Solent Inner Stay - Page 3 - SailNet Community
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post #21 of Old 03-13-2012
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Re: Solent Inner Stay

I think that is why the OP is interested in having the Solent stay be removable.

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post #22 of Old 03-13-2012 Thread Starter
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Re: Solent Inner Stay

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You sound a wee bit angry.

My designs account for more cutters than any other living designer. I know boats with two forestays. I have been sailing them for the last 38 years. But never mind. If you are the kind of sailor who tunes his rig with a tensionometer then I don't think we would get along.
Bob, did not mean to offend you. I apologize that you took it that way.
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post #23 of Old 03-13-2012 Thread Starter
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Re: Solent Inner Stay

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Originally Posted by bobperry View Post
I think that is why the OP is interested in having the Solent stay be removable.
Correct. Solent would only be connected for use with a storm jib, or in the case of furler failure or forestay failure.
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post #24 of Old 03-13-2012
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Re: Solent Inner Stay

A bit of a nit pick, perhaps, but I suspect it's unlikely you'd have time to connect and tension your solent in the event of a 'forestay failure' per se...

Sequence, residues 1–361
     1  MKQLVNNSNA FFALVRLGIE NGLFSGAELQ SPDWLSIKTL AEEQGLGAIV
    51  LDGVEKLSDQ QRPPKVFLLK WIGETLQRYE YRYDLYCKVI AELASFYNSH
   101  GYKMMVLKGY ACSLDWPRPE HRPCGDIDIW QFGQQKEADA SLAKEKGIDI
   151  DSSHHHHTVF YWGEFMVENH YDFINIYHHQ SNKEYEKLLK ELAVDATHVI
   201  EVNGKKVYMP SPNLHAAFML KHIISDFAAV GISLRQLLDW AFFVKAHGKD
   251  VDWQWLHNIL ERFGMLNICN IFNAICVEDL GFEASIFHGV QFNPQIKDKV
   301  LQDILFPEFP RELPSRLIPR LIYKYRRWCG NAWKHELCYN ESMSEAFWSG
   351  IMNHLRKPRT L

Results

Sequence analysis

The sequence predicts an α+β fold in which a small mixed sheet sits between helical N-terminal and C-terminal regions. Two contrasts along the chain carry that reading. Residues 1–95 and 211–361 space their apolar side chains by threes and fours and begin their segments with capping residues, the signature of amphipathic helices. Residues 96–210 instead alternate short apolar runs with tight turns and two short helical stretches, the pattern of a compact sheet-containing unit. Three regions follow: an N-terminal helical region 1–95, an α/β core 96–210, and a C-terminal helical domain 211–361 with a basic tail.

Ron

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Re: Solent Inner Stay

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The 'practical/technical' sailing answer is: the tension should be that whatever required to keep the curved leading edge luff shape of the sail to the designed curve (called luff hollow) that the sailmaker cut into the sail.
A sailmaker will typically cut headsails expecting that the wire is typically at approx. 15% ultimate strength tension for sailing in winds at approx. 15kts.; this 15% tension yields a fairly predictable wire 'sag' at those conditions. If the 'sag' in the wire doesnt approximately 'match' the 'hollow' in the leading edge ... you will have worse than piss poor pointing ability and upwind sailing characteristics; downwind well below a beam reach doesnt matter.
If the wind increases or decreases, a 'tech' sailor will change the headstay tension (via changing backstay, etc. tension) up or down so that the curve in the leading edge is restored back to 'as designed' shape ... or the boat will point like a pig, heel over aggressively, and can start aggressively skidding off to leeward.

Adding anyother additional stay in front of the mast will radically complicate matters --- "dynamic load sharing" of the 2 stays, where the stay that has a sail flying will unload into the stay that doesnt have a sail flying ... and the flying sail will be on a reduced tensioned and 'over-sagged off to leeward' stay.

How do I tension? If beating with the 'forward sail' flying, I manually unload tension in the 'inner' stay by whatever it takes and amount until I SEE that the sail flying on the headstay has the correct forward shape in those specific wind/waves/amount of heel conditions. I then adjust backstay tension and/or apply running backstay tension .... all dependent of the shape of the sail and amount of 'sag' in the wire to match that leading edge shape of the sail. Since the conditions are non-constant and 'dynamic', there isnt any 'tension number' to give you.